Your salary expectations or perceived salary requirements might exceed the company’s available resources. They may opt not to interview you if they think you’ll be too expensive to hire. Take time to honestly evaluate what you’re worth and think about whether the job is a good financial fit.
You’ve Had Employment Gaps
There may be unexplained gaps in your employment that could be a red flag for a prospective employer. They’ll at least wonder what you were doing during the time you weren’t gainfully employed. There are ways to make employment gaps less obvious on your resume so you have a better shot at getting an interview.
Your Social Media Presence Is Unprofessional
Your online image may have damaged your candidacy. Take a look at your social media pages from an employer’s perspective before you apply for another job. Have you carefully adjusted your privacy settings? Is everything you’ve made available to the public appropriate? Have you updated your LinkedIn profile so it’s comprehensive and showcases your skills?
Many recruiters review an applicant’s social media, but the use of that information isn’t fully understood. Early research has produced inconsistent results. The ethical implications of this practice are also points of research and debate.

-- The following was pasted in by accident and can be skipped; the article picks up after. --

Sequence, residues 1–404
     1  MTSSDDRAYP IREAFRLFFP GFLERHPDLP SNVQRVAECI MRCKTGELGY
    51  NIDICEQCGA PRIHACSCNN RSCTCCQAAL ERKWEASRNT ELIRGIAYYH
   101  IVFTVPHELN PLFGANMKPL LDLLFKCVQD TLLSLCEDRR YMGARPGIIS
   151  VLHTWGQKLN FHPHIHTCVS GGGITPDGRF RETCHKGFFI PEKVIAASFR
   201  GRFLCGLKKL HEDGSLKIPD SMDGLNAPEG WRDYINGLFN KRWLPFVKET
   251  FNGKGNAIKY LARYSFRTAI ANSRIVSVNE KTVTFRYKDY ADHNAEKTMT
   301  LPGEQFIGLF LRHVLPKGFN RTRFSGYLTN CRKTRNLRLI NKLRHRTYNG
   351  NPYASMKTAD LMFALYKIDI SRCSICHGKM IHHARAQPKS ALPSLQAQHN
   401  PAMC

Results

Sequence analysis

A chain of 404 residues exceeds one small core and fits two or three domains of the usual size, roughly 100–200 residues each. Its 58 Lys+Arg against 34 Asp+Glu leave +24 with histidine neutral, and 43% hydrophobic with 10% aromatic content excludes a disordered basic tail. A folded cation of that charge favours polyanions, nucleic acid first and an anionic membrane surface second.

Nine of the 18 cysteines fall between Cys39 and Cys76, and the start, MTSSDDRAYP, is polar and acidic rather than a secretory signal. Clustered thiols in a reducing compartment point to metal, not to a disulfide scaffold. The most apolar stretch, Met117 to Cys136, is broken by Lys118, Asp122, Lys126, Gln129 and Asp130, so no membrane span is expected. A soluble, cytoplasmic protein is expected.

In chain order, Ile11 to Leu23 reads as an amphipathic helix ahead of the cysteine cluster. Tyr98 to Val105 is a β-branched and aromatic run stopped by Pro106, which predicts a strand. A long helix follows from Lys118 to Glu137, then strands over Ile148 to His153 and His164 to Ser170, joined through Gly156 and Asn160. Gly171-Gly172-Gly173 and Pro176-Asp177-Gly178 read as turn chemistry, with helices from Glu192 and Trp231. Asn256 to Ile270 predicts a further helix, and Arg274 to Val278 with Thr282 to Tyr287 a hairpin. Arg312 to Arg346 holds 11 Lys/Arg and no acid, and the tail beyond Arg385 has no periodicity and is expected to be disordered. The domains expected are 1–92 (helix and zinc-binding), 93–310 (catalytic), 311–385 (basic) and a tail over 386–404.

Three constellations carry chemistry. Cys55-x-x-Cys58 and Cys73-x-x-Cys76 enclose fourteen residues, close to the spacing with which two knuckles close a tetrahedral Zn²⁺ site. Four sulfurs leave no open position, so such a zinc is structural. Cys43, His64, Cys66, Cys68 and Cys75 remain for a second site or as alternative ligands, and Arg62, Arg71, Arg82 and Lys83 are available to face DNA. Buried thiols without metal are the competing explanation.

You’re an Out-of-Town Candidate
Maybe you live outside the area and the employer prefers local candidates. There are some things you can do to up your chances of getting an interview if you’re job searching long distance. A few handy tips can help you find a job in a new city, regardless of where you’re currently located.
Other Applicants Are Better Qualified
Your credentials are a good match, but there might just be stronger candidates. Unfortunately, you didn’t make the cut. Take a look at the skills the employer was seeking and consider if you need to upgrade yours to become a more competitive candidate.
Frequently Asked Questions (FAQs)
Do employers take the time to let you know they don’t want to interview you, or are they just silent?
Many employers don’t take the time to notify applicants that they were rejected. But silence doesn’t mean that a decision has yet been made. You might still have a shot at securing an interview if you haven’t heard back. You may be able to get an interview if you follow up after not hearing anything.
Can you apply to the same company more than once?
You might not have landed an interview the first time around, but the hiring manager may remember your name (and persistence) from the last round of hiring when another position opens up. You’ll be able to call or email to make a case for getting a chance to be considered if you can identify a contact person.